In this post, we’re going to discuss the basics of Value Added Tax (VAT). By the end, you should understand the different types of supply, and how that affects the tax charged.
What is VAT?
VAT is a tax applied on the value added to goods and services at each stage in the production and distribution chain. It forms part of the final price the consumer pays for goods or services.
What is ‘value added’?
Value added is the difference between the price of product or service and the cost of producing it. For example, you buy a laptop for GHC 1500 and sell it for GHC 2500, the value added is GHC 1000.
Types of supply
Types of supply is a concept defined by the law to determine a) whether you are taxable and b) what rate of tax applies.
The VAT Act specifies four main types of supply. These are:
- Taxable supply
- Zero-rated supply
- Relief supply
- Exempt supply
1. Taxable supply
A taxable supply is a supply of goods and services subject to VAT. The general rule is, a supply of all goods and services in Ghana and goods and services imported into the country is subject to VAT. The consumer of such goods and services must pay Value Added Tax. The current rate of VAT on such supplies is 12.5%. These levies must also be charged at the time of invoicing, GET Fund 2.5% and NHIL Levy 2.5%.
As an exception to the general rule, the following are not taxable supplies:
- A supply of services by an employee to an employer is not a supply of services for Value Added purposes.
- The transfer of goods by an agent to the principal.
2. Zero-rated supply
A zero-rated supply is a taxable supply taxed at a rate of 0%. Export of goods and services are zero- rated supplies. The reason for classifying exported goods and service as zero-rated supplies is to encourage exports.
Below are examples of transactions which attract zero tax:
- Goods exported from Ghana by a supplier. The Customs division of GRA must certify these;
- Goods and services supplied to a Free Zones enterprise;
- Goods used as supplies on ship or aircraft traveling out of Ghana;
- A supply of services consumed outside Ghana.
Note: You must report these supplies in the monthly VAT returns filed at the tax office. The GRA penalizes tax payers for not disclosing zero-rated supplies in their tax returns. Don’t be a victim!
3. Relief supply
These are goods and services that are taxable, but the law provides relief from payment of the applicable tax. The VAT law relieves specified persons from payment of tax on specified goods purchased in Ghana and some taxable imported goods. Examples of such supplies are:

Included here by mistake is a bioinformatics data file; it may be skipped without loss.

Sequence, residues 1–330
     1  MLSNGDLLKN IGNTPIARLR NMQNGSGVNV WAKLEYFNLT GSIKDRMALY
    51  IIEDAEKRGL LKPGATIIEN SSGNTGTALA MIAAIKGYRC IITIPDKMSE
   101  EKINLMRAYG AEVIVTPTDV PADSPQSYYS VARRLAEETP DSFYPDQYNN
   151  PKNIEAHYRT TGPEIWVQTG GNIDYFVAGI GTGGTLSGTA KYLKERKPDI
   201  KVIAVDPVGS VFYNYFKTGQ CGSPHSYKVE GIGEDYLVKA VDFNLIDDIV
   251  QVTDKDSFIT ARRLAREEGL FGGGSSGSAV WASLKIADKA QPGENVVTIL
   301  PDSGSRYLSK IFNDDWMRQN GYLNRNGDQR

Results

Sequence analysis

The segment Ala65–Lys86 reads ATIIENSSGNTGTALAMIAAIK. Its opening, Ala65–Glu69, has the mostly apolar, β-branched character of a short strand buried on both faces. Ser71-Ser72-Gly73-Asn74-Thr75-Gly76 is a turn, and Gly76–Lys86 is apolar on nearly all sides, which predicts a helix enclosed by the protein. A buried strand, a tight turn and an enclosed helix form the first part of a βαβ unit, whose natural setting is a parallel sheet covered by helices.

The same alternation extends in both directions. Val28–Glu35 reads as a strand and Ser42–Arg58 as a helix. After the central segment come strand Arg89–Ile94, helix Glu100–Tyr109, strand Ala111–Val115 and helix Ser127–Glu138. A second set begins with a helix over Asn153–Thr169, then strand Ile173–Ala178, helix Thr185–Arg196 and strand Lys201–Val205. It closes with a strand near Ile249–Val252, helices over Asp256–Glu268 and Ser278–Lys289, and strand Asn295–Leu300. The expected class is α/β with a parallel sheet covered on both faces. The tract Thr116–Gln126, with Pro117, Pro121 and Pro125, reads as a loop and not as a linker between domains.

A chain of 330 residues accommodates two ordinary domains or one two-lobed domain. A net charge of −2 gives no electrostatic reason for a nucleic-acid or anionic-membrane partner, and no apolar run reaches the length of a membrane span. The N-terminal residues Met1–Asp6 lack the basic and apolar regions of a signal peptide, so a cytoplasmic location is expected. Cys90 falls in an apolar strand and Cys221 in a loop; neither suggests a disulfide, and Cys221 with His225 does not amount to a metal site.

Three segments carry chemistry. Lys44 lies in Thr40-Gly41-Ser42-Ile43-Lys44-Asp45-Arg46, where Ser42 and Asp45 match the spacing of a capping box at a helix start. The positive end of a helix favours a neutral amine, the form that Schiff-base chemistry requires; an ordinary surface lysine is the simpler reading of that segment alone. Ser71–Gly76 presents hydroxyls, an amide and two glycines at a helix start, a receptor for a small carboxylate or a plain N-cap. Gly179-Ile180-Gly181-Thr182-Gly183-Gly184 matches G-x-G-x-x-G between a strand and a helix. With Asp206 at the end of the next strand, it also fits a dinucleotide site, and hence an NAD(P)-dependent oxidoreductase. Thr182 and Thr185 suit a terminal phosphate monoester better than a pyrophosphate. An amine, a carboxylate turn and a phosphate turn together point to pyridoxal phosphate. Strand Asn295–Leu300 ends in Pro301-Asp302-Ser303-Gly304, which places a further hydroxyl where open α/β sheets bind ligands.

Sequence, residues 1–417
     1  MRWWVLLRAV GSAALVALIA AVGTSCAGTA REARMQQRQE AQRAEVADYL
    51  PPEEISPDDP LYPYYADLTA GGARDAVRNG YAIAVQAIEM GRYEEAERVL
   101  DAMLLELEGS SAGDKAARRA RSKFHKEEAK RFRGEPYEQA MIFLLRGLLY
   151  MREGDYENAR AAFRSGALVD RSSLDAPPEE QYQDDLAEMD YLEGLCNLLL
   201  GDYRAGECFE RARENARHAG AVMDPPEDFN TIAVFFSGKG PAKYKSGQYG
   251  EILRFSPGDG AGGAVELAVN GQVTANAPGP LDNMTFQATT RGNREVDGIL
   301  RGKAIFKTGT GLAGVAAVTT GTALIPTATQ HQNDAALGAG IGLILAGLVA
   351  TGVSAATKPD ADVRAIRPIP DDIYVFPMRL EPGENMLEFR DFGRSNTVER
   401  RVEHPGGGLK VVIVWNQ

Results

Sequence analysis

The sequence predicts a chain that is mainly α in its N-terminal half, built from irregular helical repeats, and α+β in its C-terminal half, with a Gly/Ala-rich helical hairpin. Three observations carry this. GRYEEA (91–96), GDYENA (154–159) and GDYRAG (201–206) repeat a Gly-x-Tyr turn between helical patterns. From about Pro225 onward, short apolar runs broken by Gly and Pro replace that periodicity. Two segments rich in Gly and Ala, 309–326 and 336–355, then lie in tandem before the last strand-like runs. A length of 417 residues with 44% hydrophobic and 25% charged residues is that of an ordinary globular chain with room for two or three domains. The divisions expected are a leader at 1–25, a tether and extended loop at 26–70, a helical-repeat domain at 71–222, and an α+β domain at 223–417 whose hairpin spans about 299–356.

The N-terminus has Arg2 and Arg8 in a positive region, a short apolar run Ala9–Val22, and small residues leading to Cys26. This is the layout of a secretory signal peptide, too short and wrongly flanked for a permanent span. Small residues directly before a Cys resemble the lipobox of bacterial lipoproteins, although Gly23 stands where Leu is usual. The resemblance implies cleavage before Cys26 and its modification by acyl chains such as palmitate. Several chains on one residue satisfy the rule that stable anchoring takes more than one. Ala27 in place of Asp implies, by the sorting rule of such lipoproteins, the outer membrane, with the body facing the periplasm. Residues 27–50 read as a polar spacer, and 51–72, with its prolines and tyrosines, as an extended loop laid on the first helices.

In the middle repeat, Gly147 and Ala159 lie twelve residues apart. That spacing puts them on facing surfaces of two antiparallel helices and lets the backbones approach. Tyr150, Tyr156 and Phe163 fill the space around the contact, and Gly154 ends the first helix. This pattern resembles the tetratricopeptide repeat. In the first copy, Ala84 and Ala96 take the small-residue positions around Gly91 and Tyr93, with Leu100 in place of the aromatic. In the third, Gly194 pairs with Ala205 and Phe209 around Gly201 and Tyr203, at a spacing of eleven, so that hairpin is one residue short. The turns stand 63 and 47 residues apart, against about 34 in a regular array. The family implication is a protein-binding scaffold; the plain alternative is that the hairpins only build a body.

- Raw materials imported by VAT-registered manufacturers in good standing with the Association of Ghana Industries;
- Emergency relief items approved by the Parliament of Ghana;
- A supply for the official use of any Commonwealth or Foreign Embassy, Mission, Consulate, or a permanent member of the diplomatic service exempted from payment of customs duties by Parliament.
4. Exempt supply
A supply is exempt when a consumer of the goods and/or services is not liable to pay VAT by law. The First Schedule to the VAT Act provides a list of goods and services classified as exempt supply.
Twenty-three items are listed as exempt supplies. I discuss some of these supplies below:
A supply of accommodation in a dwelling
The law defines “Dwelling” as any building, premises or structure which is used predominantly for residential purposes and not for commercial purposes. This provision explains why commercial rental attracts VAT, but domestic rent does not.
A supply of the following crude oil and hydrocarbon products
● Residual fuel
|● Liquified petroleum gas
● Natural petroleum gas
A supply of medical services
Such as nursing, dental, medical, midwifery or paramedical services provided by certified personnel. Hospitals/ clinics and other health facilities do not charge VAT for medical/dental care to patients.
A supply of agricultural inputs
Including seeds, bulbs, fertilizers, pesticides, fungicides, insecticides, veterinary drugs and vaccines. This exemption is to promote agribusiness and reduce the cost of food.
A few more exemptions:
- A supply of water, excluding bottled water or other packaging suitable for supply to consumers;
- A supply of goods designed only for use by persons with disabilities;
- A supply of domestic transportation of passengers by road, rail or water, except the supply of haulage or rental or hiring of passenger and other vehicles.
Now, you know that there are four different types of supply. The classification of the supply determines the rate of VAT charged.
Written by Tom Asaam.
Tom is the manager of the tax unit in SCG Chartered Accountants.